Incredibly, the film was shot on a single set, with just the wall colours changed to signal each new room. This kind of low-budget ingenuity makes the cube feel both endless and identikit, but it didn’t come easy.

“It’s ironic because you think that making a movie in one room with six people would be relatively simple,” Natali told efilmcritic.com. “But it really was like a Chinese puzzle.”4. Battle Royale (2000)

Banned in several countries, Kinji Fukasaku’s savage satire, based on a 1999 novel by Koushon Takami, is an ultra-violent Lord of the Flies update.

As part of the Japanese government’s Battle Royale Act to eliminate delinquency, each year a class of high school students are forced to fight to the death on a remote island. Equipped with everything from crossbows to coat hangers, and wearing explosive collars in case they refuse to cooperate, the kids are stranded for three days until one emerges victorious – only things don’t quite go to plan.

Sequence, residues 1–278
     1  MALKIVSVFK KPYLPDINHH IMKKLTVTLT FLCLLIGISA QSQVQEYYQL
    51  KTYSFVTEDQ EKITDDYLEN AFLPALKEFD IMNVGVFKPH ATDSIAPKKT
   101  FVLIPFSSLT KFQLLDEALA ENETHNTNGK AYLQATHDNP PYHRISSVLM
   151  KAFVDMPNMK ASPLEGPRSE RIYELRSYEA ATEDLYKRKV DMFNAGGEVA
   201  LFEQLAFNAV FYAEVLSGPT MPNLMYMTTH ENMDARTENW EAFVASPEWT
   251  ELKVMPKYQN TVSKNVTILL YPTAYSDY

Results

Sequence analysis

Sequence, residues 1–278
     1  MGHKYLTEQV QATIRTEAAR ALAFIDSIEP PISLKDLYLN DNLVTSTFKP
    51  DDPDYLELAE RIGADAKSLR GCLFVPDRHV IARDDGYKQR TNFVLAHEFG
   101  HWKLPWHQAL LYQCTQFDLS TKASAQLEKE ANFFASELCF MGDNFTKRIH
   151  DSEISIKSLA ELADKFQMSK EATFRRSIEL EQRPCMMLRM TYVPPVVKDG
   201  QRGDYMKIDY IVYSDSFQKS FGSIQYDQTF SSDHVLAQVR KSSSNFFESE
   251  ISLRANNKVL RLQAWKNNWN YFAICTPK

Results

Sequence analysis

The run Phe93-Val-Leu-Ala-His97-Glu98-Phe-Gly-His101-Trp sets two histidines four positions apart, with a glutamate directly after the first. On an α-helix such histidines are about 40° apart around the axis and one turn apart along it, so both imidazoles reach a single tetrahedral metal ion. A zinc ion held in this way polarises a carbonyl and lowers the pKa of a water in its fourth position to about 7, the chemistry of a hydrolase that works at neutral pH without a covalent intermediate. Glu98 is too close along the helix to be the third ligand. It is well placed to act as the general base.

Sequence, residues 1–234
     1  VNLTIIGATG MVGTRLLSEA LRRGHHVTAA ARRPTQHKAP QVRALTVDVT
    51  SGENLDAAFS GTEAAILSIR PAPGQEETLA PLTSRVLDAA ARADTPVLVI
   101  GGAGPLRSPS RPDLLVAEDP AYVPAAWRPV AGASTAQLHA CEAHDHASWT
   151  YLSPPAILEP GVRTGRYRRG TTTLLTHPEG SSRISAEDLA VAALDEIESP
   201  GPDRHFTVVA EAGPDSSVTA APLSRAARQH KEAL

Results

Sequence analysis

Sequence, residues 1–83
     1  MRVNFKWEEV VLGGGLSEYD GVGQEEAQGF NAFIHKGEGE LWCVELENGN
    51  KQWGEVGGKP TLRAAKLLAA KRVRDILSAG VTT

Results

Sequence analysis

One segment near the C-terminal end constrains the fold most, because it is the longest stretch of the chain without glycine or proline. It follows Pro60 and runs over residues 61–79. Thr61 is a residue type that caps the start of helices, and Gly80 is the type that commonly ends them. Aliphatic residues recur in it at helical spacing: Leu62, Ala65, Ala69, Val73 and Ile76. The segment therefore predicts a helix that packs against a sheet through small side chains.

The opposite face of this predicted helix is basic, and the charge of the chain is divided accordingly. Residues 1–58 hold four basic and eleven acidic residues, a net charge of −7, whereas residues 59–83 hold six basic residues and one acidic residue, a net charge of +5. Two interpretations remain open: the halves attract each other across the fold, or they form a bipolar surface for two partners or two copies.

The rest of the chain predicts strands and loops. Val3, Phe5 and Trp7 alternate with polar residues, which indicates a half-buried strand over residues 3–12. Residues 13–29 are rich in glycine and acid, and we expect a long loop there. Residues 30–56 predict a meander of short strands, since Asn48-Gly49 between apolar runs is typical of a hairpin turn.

Amid the gunfire and groin stabbings, there are serious points being made about a generation lost to neglect and disillusionment. Meanwhile, the film’s influence persists in Suzanne Collins’ The Hunger Games series, video game Fortnite’s Battle Royale mode, and among fans of Asian extreme such as Quentin Tarantino.

With customary concision he told Indie Wire, “If there is any movie that has been made since I’ve been making movies that I wish I had made, it’s that one.”